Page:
Keeping a Rooster

By Reurra · Jul 3, 2013 · ·
Rating:
4.74359/5,
  1. Reurra
    A year ago I started my chicken venture. My Dear Husband, in all his doubting, was happy to finance my insanity. Me, armed with my Green Horn Book of Knowledge, felt that every flock should have a rooster. After all, everyone knows a hen wont lay eggs without a rooster....right? (Thats a bit of sarcasm there, hehe)

    The first thing I did was put out an add in the local free website. "Hens and a Rooster wanted!" Well, I have no shortage of replies....for roosters. Not one offer of a hen! Just roosters! Short ones, fat ones, tall ones, colorful ones, even striped ones! And this got me thinking. Why dont people want roosters?

    Well, my first experience with a rooster was a charming 10 month old boy in the Brown leghorn breed. I picked him up and brought him home and introduced him to my two Ex-battery ladies. He promptly fell in love with them, especially mt favorite hen, Frightful. And for the first time I witnessed him asserting his manly duties. Of course, never having seen this before, I thought he was trying to kill her. In alarm, I separated him and went straight to the internet for answers. And answers were plentiful! How embarrassing to find out he was just being a lover, not a meanie! Thanks to BYC, that cleared up that crisis.

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    Mister

    The weeks went on and I got used to being woke up in the morning by my new flock guardian. 1am.....4am...6am....ugh!! But soon I learned to ignore the constant alarm clock that was the feather bag out in the coop. I guess he was just keeping it manly, after all, he was the only man living with two women.

    Then came the attack. Not from a raccoon, not from a hawk or even a bear! It came from him.

    One morning, I strolled out, scratch bucket in hand, and opened the coop in all my innocence. Suddenly, it was a blitzkrieg!! Screaming, feathers flying, chicken feet everywhere. The scratch went one direction and I went the other! I was so startled I slammed the coop door shut thinking I had stepped on a land mine armed with chickens. Then came the growl, that classic rooster growl. I cant begin to describe it, but it was something between the growl of a dog and a bear being wok up from his nap. Peering in, I saw my 2 ladies calmly eating the spilled scratch, and there was the rooster, not a feather out of place, eyeing me with all the hatred something with that small of a head can muster.

    So back to the internet I went! BYC saves the day! Once more!

    After reading several articles, I realized that my roo felt I was just another chicken. And not just any chicken, but a weak, whimpy, low on the totem pole, wussy chicken. Well, that wont do. So, after taking some advice, I found him a new home with someone not far away. They needed a rooster....because we all know hens wont lay eggs unless they have a rooster.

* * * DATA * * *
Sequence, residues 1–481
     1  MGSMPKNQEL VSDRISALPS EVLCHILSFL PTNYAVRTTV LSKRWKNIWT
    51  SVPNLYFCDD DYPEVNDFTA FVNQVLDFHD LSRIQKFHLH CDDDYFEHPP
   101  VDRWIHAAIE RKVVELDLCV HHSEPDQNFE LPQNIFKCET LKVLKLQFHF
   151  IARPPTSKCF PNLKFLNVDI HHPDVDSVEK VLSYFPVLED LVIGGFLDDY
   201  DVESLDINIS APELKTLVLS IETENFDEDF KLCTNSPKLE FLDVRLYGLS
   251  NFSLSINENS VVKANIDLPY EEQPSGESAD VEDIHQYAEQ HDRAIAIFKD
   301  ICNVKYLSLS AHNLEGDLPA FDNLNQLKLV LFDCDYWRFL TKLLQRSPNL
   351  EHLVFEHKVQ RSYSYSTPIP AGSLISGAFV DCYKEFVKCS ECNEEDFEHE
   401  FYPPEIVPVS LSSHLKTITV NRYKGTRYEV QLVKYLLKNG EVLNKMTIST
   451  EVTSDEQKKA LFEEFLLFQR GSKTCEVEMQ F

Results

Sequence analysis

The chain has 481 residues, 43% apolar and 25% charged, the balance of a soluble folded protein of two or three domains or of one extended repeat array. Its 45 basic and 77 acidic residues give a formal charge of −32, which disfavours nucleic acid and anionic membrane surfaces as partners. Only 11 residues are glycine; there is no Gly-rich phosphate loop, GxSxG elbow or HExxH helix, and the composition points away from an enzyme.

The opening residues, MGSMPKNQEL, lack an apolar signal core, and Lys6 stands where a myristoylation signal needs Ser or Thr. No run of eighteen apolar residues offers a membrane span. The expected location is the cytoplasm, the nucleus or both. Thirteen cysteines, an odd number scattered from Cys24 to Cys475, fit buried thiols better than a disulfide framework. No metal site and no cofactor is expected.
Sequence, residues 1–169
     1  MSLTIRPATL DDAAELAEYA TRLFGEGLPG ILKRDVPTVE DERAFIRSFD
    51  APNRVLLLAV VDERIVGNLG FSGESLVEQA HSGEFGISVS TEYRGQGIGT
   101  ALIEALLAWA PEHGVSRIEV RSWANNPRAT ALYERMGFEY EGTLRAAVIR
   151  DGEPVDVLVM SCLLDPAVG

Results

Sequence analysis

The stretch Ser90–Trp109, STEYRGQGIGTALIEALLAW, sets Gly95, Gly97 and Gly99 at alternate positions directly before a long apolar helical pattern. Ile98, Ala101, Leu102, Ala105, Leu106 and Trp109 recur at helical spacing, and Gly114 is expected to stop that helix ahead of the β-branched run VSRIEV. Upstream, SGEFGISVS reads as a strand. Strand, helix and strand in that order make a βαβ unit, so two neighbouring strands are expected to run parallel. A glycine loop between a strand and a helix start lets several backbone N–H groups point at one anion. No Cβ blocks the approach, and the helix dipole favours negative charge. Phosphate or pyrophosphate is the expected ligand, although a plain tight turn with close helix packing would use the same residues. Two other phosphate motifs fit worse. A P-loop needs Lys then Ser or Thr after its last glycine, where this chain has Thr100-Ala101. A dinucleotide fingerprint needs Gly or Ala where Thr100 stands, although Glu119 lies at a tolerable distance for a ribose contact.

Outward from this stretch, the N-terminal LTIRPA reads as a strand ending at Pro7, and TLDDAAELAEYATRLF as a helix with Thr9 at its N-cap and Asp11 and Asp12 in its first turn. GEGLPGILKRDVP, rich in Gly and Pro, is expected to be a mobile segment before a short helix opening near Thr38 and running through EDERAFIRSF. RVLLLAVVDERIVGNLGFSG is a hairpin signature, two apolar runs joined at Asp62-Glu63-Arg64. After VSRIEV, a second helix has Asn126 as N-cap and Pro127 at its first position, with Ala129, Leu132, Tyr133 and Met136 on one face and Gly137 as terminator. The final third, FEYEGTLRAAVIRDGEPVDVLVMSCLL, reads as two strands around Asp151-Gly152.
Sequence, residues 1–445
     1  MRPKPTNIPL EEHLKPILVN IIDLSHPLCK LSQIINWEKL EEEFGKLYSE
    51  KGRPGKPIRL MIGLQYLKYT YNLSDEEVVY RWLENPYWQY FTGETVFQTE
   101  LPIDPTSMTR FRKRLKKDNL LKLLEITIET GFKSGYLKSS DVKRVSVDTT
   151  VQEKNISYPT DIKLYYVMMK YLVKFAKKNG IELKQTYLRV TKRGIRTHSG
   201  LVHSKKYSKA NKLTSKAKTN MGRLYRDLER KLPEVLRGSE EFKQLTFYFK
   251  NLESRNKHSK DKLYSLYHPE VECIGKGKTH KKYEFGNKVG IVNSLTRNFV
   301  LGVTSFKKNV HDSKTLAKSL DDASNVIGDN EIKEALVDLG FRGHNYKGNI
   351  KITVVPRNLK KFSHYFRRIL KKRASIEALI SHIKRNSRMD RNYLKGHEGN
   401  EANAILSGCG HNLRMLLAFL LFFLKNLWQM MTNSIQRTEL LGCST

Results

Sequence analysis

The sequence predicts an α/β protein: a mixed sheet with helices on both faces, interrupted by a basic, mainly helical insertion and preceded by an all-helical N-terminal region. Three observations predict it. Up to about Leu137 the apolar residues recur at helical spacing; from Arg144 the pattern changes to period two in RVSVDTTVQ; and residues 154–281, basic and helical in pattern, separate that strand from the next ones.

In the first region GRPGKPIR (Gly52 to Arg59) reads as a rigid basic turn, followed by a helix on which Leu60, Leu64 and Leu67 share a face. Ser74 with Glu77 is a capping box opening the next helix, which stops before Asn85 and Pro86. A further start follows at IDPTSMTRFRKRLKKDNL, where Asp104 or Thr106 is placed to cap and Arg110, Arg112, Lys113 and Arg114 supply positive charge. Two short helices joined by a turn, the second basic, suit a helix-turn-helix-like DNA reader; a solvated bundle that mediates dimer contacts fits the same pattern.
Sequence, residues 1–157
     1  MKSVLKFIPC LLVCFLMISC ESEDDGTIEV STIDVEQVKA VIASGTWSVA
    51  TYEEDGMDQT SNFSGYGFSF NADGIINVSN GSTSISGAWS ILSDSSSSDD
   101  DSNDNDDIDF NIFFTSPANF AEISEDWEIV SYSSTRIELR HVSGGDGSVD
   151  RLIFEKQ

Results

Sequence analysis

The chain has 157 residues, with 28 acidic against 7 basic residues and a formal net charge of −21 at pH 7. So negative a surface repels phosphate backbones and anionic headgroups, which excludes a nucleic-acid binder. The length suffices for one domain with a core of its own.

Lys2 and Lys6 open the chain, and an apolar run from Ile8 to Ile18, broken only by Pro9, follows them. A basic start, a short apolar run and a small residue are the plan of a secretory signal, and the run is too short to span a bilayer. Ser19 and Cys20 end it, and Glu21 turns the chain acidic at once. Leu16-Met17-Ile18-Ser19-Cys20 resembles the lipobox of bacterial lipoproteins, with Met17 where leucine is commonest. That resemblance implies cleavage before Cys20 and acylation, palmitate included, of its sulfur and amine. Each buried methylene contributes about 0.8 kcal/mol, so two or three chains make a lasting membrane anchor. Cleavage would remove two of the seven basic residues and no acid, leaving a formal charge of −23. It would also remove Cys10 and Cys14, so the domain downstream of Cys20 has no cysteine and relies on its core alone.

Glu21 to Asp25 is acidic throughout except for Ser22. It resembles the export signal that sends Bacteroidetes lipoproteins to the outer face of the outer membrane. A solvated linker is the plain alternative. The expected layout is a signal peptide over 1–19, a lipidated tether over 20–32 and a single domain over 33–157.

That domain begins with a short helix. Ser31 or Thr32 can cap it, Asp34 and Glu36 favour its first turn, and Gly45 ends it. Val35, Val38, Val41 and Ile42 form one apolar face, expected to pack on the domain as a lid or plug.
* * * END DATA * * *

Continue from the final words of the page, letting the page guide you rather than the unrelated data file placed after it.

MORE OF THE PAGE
But the coop felt empty without that stud strutting his stuff around the coop. I missed his crow and how pretty he looked, and how well he took care of his girls. He would always climb into the nest boxes and stomp down the shavings for the girls and purr at them to pick the best box. When scratch came, he would pick the best bits and cluck at them to eat them before he would partake. Outside, he would hunt up bugs, but keep an ever vigilant eye on the sky and on the fields for predators. He was a fantastic roo, but a lousy pet.

    Then it dawned on me. Roosters just cant be pets. Sure, there might be one special boy once in a big blue moon, but I had not won the lottery here. It was very unlikely I would find a rooster I could co-exist with on a friendly basis. But I wanted chicks, so I started looking for another rooster. The answer came later when I got a young boy of the Blue Australorp variety.

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    Big Blue

    He was a big beautiful boy.....who would not shut up. Every hour, on the hour he would declare his manliness. I figured he would grow out of it, but nope. He got worse. He would crow in the morning, when he ate, when he scratched for bugs, when he found a worm, when he drank water...even gargled. He would crow when he went to bed, crow in his sleep, crow when one of the hens jostled on the perch, crow when......well you get the idea. I could not take it any more! So the broken record had to go!

    At this point I did not feel a roo was working, so i decided, no more roos! Even my tolerant and wonderful husband was agreeing, after the broken record incident, he pleaded with me, no. more. roos.

    Then someone gifted me a RIR roo that was about 6 months old. Resigned, and doubtful, I took in the roo with full intentions of using the stew pot. However, things got in the way and axe day was delayed due to outside influences. He got along well with my girls, but soon I began to see signs of aggression toward me and to my two older sons. Pretty soon, I felt an attack was imminent and banned my sons from visiting the coop.

    To the BYC Cave, Chickenlady!!